I’ve regularly listened to Planet Money for a few years now. I’ve occasionally had qualms with an episode, but it’s a great podcast, and I’ve learned a lot from it. This Tuesday’s episode was about healthcare costs, and it focused on Steven Brill’s ideas (Brill just wrote a whopper of a cover story for Time: “Bitter Pill: Why Medical Bills are Killing Us“).
You should listen to the podcast to get the full flavor of the conversation. But the gist is that costs are high because insurers lack bargaining power. The silver lining is that Medicare actually pushes costs down because the program has so much bargaining power. Brill suggests we lower the age for Medicare so that costs will come down.
Near the end of the podcast, they acknowledge that there may be an alternate way to push costs down: competitive markets. But they quickly brush this aside after about a minute with, “Obviously we’re not gonna’ settle this debate right here.” Then they close the show. While I understand the time constraints of the podcast, I’m concerned that what they really mean is they aren’t going to try to settle the debate at all. I hope they revisit the idea that competitive markets could help bring costs down, if only healthcare were a competitive market.
“Healthcare is fundamentally different”
Here’s their reasoning for why this just wouldn’t work: Around 16:00 into the 18:00 podcast, they say “…healthcare is fundamentally different. If you have chest pains, you’re not gonna’ like get on the Internet and start Googling ‘what hospital in my neighborhood has the best price for heart attack treatment’, right?. You’re gonna’ call 911, and the ambulance is gonna’ come and get you and it’s going to take you wherever it takes you. So [Steven Brill] argues that the model is not really a sensible model to use for healthcare.”
This just seems like such a weak argument to me. I’m not going to settle the debate either, but I’d like to at least throw out some ideas, and point out how shallow this example is.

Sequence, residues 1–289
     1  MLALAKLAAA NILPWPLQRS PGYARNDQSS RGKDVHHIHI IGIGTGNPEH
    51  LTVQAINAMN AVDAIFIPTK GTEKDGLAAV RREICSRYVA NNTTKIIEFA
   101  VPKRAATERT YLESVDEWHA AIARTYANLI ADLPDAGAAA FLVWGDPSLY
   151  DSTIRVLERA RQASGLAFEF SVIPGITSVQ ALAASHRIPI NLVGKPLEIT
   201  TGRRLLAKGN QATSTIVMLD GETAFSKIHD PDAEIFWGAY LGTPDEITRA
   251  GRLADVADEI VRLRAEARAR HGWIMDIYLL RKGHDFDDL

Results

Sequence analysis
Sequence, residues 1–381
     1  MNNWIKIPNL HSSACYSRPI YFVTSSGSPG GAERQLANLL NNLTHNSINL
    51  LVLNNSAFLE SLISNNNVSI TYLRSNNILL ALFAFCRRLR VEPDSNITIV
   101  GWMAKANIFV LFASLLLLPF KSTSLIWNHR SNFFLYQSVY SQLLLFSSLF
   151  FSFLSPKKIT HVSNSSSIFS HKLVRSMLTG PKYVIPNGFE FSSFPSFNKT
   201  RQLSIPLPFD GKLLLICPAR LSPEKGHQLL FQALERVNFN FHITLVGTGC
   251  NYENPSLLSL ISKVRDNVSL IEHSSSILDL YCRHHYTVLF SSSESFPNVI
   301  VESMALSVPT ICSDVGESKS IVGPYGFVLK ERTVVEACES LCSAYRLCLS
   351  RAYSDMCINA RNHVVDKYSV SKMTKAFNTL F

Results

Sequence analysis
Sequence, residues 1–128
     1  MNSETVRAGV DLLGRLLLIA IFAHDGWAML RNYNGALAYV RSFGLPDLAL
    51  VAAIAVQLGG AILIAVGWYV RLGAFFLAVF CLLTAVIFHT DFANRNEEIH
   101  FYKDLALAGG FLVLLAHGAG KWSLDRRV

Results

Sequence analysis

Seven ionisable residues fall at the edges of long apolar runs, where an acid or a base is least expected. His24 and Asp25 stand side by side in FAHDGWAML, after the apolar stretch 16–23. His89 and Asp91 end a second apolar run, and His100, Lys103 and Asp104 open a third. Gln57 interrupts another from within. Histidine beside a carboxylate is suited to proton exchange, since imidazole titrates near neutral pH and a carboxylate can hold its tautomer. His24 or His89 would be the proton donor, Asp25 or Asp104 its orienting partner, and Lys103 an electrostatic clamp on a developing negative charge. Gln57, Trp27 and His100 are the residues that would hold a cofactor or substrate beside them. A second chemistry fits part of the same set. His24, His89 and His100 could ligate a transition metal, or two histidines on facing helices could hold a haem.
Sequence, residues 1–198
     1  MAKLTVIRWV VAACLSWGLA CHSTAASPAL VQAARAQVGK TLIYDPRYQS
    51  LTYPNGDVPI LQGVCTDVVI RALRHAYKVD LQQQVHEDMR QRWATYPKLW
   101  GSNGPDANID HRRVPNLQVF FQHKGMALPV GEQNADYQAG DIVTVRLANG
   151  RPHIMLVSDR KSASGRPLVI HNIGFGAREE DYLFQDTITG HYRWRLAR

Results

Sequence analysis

How much healthcare spending is on traumatic life-and-death care?
First of all, I’d be curious how much of our healthcare spending goes to this type of suddenly-traumatic and life-threatening situation. My guess is that the vast majority of “healthcare spending” happens in a planned, calculated way. People find out they’re sick, they get a first, second, third opinion. They decide on their course of treatment, and they sign up to receive that treatment at a hospital. There’s a lot of room for regular old competitive markets here. Nobody’s being whisked anywhere in an ambulance. The real question is why healthcare markets aren’t competitive in these planned-care situations.
But let’s look at this heart attack example since it seems to be the most extreme. Someone suddenly finds himself very ill, nearing death, and must seek treatment immediately. He calls an ambulance, and is simply taken to the nearest hospital. Cost is not a factor in any of this because he just doesn’t have time to think about cost. If he stops to negotiate price, he could be dead before he gets the care he needs.
There are just so many things ignored here. I’ll start with an analogy and then circle back to some of the finer points.
What if my car had a heart attack?
About 15 months ago, I took my car to a car wash, left the car with an attendant and waited around front for my car. After they finished washing and drying my car, I got in and could immediately tell something was wrong. The engine was pretty loud, and I noticed the temperature gauge was pointing to “really hot”. I put it in drive, just hoping I could move it to a parking spot or something so I could regroup. It didn’t make it to a parking spot (about 40 feet), so I just let it roll to a stop under a tree, out of the way. My car was dead – it wasn’t drivable and appeared to be in “limp mode”. I had no choice but to have it towed to see what was wrong.
Obviously, I wasn’t in danger of dying, but my car certainly was. What’s more, I was stuck – I couldn’t shop around for a good deal on the repairs because I need my car (I was going home for Thanksgiving in a few days, then off to Atlanta not long after that) and because it’s not drivable. Also, I was pretty sure the car wash wouldn’t be ok with me just leaving my car parked under their tree for very long. If my car were a person having a heart attack in Planet Money’s world, I’d call an ambulance and they’d whisk it away to whichever hospital could save it. I wouldn’t be able to negotiate the cost of repairs, and I’d end up paying a lot of money for some healthcare.